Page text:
Presentation on theme: "Ten Things That Really Annoy Me About Lithium Kent R. Olson, MD Medical Director, SF Division California Poison Control System."— Presentation transcript:
Ten Things That Really Annoy Me About Lithium Kent R. Olson, MD Medical Director, SF Division California Poison Control System
#10: It Has a Narrow Therapeutic Window, and it can be Nasty Commonly used for bipolar disorder Therapeutic levels 0.6-1.2 mEq/L Toxicity with levels as low as 1.5-2 –Lethargy, confusion, tremor, ataxia, muscle jerking or rigidity –Agitated delirium, coma, convulsions –Symptoms may persist for days to weeks
#9: It Doesn’t Bind to Activated Charcoal Alternatives: –Emesis, lavage - ? value –Kayexalate? –Whole bowel irrigation: preferred method
#8: It Elevates the White Blood Count Usually mild, but don’t be surprised to see WBC 15,000 or more –Mostly granulocytes –Enhanced PMN production Could lead to needless workup for infection
#7: The ECG is Nonspecific Kinda looks like hypokalemia –T-wave flattening or inversion common –NSSTTW changes common –QT interval may be prolonged Bradycardia, sinus node arrest - rare
#6: It Can Mess up your Sodium Level Nephrogenic Diabetes Insipidus –Can occur with therapeutic use –Lack of renal response to ADH –Loss of free water in the urine Clinical findings: –Volume loss, leads to Li retention –Elevated serum Na+
#5: It can Mess with the Anion Gap Na + Cl - HCO 3 - Anion Gap (10 mmol/L)
#5: It can Mess with the Anion Gap Na + Cl - HCO 3 - Anion Gap (4 mmol/L) Li +
#4: Funky Pharmacokinetics Two-compartment model: Li level reaches equilibrium slowly –Initial: extracellular fluid ~ 15 L –Later: total body water ~ 50 L ~ 4-6 hrs [Li] = 4[Li] = 1.4
#4: Kinetics, continued... Slowly enters brain cells Difficult to get it back out Rebound after hemodialysis
#3: It’s Only Way Out is Through Your Kidneys Expect toxicity if: –Worsening renal function –Sudden volume depletion (eg, GI flu)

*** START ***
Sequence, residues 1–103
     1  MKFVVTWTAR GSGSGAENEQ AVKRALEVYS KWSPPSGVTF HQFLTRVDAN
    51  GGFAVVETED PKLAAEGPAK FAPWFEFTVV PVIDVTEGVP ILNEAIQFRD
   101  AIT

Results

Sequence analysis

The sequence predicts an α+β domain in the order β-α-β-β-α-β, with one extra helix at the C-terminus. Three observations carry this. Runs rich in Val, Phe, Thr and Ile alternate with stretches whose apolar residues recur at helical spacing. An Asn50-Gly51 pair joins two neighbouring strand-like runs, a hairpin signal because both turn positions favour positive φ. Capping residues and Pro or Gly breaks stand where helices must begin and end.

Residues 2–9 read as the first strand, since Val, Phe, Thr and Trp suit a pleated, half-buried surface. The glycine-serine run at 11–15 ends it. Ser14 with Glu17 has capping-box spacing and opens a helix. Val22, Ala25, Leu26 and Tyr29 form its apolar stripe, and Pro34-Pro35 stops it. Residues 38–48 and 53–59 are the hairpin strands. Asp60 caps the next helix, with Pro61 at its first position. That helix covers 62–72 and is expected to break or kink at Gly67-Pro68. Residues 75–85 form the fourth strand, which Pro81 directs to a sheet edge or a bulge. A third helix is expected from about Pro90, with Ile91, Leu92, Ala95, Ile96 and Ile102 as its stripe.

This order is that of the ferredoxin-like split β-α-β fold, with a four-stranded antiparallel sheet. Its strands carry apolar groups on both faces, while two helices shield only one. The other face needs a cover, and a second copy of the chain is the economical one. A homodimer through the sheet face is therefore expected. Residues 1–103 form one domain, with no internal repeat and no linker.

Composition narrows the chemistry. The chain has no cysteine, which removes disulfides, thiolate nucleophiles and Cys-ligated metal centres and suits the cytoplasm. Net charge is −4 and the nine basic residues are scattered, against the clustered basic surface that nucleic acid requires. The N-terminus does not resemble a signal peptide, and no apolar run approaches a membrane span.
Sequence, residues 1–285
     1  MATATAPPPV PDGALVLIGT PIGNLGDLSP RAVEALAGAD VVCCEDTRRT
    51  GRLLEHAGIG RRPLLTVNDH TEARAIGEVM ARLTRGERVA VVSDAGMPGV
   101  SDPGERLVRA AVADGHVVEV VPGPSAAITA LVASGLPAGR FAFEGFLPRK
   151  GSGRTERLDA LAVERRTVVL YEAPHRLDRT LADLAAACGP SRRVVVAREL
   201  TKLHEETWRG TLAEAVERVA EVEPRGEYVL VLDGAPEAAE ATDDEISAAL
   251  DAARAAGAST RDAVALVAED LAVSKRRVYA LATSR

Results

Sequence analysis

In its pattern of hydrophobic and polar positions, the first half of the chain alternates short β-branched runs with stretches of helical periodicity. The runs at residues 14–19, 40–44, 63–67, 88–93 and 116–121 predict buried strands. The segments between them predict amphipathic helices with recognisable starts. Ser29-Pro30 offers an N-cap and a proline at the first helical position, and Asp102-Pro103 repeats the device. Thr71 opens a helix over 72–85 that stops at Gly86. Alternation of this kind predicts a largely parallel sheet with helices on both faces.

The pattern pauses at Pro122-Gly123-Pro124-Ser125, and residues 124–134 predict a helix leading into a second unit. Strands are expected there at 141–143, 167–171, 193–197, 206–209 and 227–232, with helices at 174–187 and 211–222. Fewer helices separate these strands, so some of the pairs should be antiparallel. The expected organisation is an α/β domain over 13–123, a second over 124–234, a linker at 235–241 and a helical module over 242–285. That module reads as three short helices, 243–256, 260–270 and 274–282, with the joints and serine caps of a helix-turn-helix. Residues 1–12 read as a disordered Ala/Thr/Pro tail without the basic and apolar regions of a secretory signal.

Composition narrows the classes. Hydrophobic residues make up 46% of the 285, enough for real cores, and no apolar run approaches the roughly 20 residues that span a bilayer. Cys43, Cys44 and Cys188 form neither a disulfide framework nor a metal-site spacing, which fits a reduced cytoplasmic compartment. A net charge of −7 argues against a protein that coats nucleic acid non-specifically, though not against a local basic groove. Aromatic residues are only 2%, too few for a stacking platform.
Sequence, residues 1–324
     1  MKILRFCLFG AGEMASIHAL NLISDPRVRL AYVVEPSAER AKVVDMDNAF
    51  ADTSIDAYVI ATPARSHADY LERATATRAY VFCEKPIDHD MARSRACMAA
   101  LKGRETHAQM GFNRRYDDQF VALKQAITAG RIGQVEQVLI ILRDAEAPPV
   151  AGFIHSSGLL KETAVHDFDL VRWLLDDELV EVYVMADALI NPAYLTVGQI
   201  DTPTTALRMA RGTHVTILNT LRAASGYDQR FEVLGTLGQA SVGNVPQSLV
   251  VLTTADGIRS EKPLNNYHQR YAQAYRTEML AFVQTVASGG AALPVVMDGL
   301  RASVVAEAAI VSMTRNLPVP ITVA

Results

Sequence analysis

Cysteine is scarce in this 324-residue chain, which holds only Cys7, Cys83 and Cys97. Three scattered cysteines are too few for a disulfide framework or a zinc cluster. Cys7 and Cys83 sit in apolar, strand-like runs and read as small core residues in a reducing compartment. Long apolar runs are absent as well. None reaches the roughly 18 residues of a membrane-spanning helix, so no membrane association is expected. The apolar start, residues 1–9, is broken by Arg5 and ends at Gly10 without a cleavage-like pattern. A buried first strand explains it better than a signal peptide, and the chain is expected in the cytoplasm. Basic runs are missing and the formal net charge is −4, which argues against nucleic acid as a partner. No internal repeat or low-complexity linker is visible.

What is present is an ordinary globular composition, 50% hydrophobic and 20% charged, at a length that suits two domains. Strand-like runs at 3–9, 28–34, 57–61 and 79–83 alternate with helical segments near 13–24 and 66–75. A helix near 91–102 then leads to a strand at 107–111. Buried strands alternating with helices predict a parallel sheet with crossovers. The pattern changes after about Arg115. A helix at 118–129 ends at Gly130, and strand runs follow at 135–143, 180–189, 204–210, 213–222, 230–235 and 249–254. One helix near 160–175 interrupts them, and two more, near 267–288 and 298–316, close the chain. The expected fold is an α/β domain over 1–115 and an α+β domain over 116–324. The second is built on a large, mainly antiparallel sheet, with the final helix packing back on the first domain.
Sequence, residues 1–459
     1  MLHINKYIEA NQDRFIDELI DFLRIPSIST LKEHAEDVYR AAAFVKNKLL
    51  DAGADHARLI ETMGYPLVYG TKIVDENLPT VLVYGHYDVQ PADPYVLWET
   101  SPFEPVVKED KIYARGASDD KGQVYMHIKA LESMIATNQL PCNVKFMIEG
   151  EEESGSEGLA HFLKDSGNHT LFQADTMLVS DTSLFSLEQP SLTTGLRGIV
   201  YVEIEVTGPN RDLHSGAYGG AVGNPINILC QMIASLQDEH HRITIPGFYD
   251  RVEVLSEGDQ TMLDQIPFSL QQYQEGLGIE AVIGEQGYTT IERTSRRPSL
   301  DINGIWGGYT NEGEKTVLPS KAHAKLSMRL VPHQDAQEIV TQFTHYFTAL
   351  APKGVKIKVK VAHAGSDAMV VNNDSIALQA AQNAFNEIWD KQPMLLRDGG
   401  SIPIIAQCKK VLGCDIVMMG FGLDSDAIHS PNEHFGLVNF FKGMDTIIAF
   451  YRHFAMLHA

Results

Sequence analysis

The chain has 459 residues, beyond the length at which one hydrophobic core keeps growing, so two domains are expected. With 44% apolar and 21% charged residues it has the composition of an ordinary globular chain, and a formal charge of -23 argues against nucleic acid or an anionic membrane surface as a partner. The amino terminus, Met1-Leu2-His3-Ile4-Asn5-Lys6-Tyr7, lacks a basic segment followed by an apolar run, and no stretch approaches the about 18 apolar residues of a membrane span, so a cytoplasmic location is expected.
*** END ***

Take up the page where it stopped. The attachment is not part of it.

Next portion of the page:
So where are we so far? Patient with Altered MS NSSTTW changes Li Level 4.5 mEq/L What do we do?
#2: History is Usually Not Available or is Incomplete Is this an acute OD or chronic use with accidental toxicity? What is the pre-existing baseline Li? BUN? Cr?
Consider: Our patient with ALOC, Li 2.5 mEq/L is not on Li routinely, took an acute OD of 14 LiCO3 (8 mEq each) tablets 2 hrs ago BUN/Cr = 10/1.1 Is this a serious Li OD?
Or... Our patient is on Li chronically, has been increasingly confused and weak for several days, has had vomiting and diarrhea. BUN/Cr = 30/2.2
Or, how about this scenario? A patient was seen to take an acute overdose of Li tablets, is brought to the ED where Li = 9 mEq/L Is emergency hemodialysis indicated?
#1 Reason Why I Find Lithium Annoying: Dialysis Isn’t So Hot Acute OD with high Li level: patients do okay anyway, without dialysis Chronic intoxication with moderate level, altered mental status: it takes days to weeks to recover anyway, despite dialysis
So What Do We DO? Give IV fluids (NS initially) Try to get good Hx Follow Li levels Consider hemodialysis if –Acute OD with level > 10-11 mEq/L –Chronic intoxication with level > 4 and Sx